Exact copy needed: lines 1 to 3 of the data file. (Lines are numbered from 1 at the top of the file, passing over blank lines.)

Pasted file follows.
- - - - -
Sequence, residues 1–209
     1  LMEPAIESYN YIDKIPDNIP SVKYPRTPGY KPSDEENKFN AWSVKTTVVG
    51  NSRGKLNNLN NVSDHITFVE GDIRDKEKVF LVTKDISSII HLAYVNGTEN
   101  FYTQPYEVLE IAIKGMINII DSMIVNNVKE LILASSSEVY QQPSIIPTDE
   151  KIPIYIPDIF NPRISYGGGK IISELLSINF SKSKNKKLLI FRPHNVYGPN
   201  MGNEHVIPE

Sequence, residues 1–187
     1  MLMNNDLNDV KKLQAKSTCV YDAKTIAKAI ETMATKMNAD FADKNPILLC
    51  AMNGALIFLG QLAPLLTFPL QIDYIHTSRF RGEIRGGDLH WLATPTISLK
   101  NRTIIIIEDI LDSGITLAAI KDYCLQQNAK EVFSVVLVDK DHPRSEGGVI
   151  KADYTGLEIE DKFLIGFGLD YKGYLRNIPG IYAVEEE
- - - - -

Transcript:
Sequence, residues 1–209
     1  LMEPAIESYN YIDKIPDNIP SVKYPRTPGY KPSDEENKFN AWSVKTTVVG
    51  NSRGKLNNLN NVSDHITFVE GDIRDKEKVF LVTKDISSII HLAYVNGTEN